The US Air Force Reserve Officer Training Corps (AFROTC) is one of the three primary commissioning sources for officers in the United States Air Force, the other two being the United States Air Force Academy (USAFA) and Air Force Officer Training School (OTS). A subordinate command of the Air University within the Air Education and Training Command (AETC), AFROTC is aligned under the Jeanne M. Holm Center for Officer Accessions and Citizen Development at Maxwell AFB, Alabama. The Holm Center, formerly known as the Air Force Officer Accession and Training Schools (AFOATS), retains direct responsibility for both AFROTC and OTS.

AFROTC is the largest and oldest source of commissioned officers for the U.S. Air Force. AFROTC's stated mission is to produce quality leaders for the U.S. Air Force. AFROTC units are located on 144 college and university campuses with 984 additional institutions of higher learning participating in cross-town agreements that allow their students to attend AFROTC classes at a nearby "host" college or university. According to AFOATS HQ, in 2006, AFROTC commissioned 2,083 USAF Second Lieutenants, with AFROTC enrollment ranging from 23,605 in 1985 to 10,231 in 1993, and around 13,000 enrolled today.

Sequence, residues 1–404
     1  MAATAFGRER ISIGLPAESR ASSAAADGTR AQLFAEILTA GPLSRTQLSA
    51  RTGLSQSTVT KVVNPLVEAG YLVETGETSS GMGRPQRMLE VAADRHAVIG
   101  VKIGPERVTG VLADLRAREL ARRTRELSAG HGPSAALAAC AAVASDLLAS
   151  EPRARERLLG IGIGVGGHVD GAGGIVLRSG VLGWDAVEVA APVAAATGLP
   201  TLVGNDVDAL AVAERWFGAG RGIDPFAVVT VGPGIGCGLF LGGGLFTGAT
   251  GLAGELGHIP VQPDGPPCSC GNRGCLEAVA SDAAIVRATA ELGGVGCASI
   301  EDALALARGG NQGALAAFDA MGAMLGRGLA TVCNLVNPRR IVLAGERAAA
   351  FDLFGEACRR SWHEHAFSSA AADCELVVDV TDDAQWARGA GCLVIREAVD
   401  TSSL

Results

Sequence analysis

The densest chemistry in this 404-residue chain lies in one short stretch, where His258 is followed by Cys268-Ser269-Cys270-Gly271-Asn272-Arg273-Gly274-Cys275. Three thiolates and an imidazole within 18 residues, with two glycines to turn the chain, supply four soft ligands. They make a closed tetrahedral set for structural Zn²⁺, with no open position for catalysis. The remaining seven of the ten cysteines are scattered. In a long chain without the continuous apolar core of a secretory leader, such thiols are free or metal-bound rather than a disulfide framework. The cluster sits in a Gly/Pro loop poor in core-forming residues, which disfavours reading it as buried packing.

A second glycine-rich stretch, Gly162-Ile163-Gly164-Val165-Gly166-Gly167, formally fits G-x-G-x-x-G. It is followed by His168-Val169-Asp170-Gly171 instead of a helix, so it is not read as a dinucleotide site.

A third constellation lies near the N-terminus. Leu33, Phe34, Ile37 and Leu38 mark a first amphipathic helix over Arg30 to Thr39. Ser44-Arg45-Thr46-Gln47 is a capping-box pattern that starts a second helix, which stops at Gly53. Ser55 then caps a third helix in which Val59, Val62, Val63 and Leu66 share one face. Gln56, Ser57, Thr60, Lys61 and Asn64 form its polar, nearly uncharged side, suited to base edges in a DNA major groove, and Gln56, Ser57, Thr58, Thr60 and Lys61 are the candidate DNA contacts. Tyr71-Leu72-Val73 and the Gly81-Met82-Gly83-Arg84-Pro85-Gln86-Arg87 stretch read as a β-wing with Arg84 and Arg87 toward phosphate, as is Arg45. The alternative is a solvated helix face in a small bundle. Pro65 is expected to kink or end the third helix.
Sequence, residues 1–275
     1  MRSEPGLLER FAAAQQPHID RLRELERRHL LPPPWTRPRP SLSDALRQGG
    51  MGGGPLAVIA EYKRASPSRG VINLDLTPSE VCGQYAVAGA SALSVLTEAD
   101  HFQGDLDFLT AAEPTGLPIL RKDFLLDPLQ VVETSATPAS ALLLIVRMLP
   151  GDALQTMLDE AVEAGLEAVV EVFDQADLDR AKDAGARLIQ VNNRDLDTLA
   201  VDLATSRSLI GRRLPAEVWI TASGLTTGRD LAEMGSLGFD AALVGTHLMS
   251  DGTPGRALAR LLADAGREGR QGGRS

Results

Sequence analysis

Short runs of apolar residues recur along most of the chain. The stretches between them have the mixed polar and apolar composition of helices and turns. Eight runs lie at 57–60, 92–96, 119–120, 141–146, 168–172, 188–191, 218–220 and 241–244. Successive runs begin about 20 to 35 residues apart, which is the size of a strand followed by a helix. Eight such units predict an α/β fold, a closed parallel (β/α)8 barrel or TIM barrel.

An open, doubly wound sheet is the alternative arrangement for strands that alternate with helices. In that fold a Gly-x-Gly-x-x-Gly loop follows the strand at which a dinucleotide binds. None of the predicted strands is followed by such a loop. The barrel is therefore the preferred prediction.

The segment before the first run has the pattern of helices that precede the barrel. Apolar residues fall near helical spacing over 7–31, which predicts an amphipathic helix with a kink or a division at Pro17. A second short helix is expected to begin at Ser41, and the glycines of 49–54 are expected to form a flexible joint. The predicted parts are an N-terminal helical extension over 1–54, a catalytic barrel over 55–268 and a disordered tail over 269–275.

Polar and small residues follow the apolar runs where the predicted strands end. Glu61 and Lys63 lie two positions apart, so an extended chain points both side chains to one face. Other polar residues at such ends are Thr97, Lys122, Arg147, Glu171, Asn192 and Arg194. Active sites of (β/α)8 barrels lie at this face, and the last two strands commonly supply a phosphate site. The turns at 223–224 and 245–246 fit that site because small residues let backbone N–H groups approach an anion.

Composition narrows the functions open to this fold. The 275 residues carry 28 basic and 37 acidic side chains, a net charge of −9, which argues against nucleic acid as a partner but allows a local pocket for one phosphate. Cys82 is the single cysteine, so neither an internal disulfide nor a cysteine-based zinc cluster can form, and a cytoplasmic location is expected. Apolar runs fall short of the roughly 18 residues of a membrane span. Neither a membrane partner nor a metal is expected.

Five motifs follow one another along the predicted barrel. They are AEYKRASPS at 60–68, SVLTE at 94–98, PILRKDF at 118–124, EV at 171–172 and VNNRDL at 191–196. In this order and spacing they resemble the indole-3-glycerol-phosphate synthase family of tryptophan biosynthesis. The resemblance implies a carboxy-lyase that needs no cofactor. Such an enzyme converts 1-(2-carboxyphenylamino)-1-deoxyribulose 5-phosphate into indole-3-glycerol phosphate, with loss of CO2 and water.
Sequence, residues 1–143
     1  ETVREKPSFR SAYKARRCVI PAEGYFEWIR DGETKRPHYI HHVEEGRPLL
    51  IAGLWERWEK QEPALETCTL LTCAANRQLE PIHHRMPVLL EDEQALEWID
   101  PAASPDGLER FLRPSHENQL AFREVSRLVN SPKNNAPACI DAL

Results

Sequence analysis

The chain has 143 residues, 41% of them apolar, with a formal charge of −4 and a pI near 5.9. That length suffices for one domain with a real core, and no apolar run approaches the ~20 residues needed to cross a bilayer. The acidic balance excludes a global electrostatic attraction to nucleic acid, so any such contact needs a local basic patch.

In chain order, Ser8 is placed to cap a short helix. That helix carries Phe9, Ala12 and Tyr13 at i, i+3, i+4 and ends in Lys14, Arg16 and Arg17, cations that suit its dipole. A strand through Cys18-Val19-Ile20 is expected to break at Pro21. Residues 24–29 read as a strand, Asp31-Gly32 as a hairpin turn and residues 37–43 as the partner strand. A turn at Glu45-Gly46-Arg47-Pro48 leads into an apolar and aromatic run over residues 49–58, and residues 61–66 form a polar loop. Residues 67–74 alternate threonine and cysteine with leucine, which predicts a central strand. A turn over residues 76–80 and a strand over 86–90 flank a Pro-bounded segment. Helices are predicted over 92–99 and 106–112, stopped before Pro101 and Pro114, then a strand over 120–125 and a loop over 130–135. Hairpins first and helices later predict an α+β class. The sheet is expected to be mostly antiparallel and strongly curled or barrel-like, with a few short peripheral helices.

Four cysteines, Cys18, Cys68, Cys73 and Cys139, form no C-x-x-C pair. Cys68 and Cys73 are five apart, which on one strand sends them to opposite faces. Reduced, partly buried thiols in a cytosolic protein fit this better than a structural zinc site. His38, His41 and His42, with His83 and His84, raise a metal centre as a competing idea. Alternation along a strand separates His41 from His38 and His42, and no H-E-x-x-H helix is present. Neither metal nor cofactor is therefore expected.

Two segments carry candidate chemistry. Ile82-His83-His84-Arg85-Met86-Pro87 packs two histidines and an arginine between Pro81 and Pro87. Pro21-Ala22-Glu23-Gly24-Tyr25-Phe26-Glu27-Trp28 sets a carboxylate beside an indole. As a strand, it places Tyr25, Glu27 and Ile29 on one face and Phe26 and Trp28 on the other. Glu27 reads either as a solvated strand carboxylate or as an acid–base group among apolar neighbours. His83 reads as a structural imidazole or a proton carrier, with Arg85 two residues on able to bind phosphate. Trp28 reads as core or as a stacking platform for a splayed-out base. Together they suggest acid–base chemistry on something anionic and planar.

AFROTC units at colleges and universities are called "detachments," and are typically headed by an active duty USAF officer in the rank of colonel or lieutenant colonel who functions as both the Detachment Commander for USAF purposes and with the nominal title of Professor of Aerospace Studies (PAS) within the institution's academic community. Most colleges and universities will designate the AFROTC detachment as the Department of Aerospace Studies. The PAS is assisted by three to four Assistant Professors of Aerospace Studies (APAS), all active duty USAF officers in the ranks of major or captain. Three USAF non-commissioned officers and one senior non-commissioned officer will typically provide military administrative support and are often augmented by one to two civilian staff support employees of the academic institution.

Within AFROTC detachments, the students (referred to as "cadets") are organized into wings, groups, squadrons, and flights, mirroring the USAF functional wing structure. The AFROTC detachment's cadet wing or cadet group is separated into two divisions: the General Military Course (GMC) consisting of the first two years of training, and the Professional Officer Course (POC) consisting of the last two years of training. The AFROTC program is also divided into two training functions: the Academic Classroom Program (Aerospace Studies classes) and Cadet Activities (i.e., Leadership Laboratory, Physical Training, and other training).

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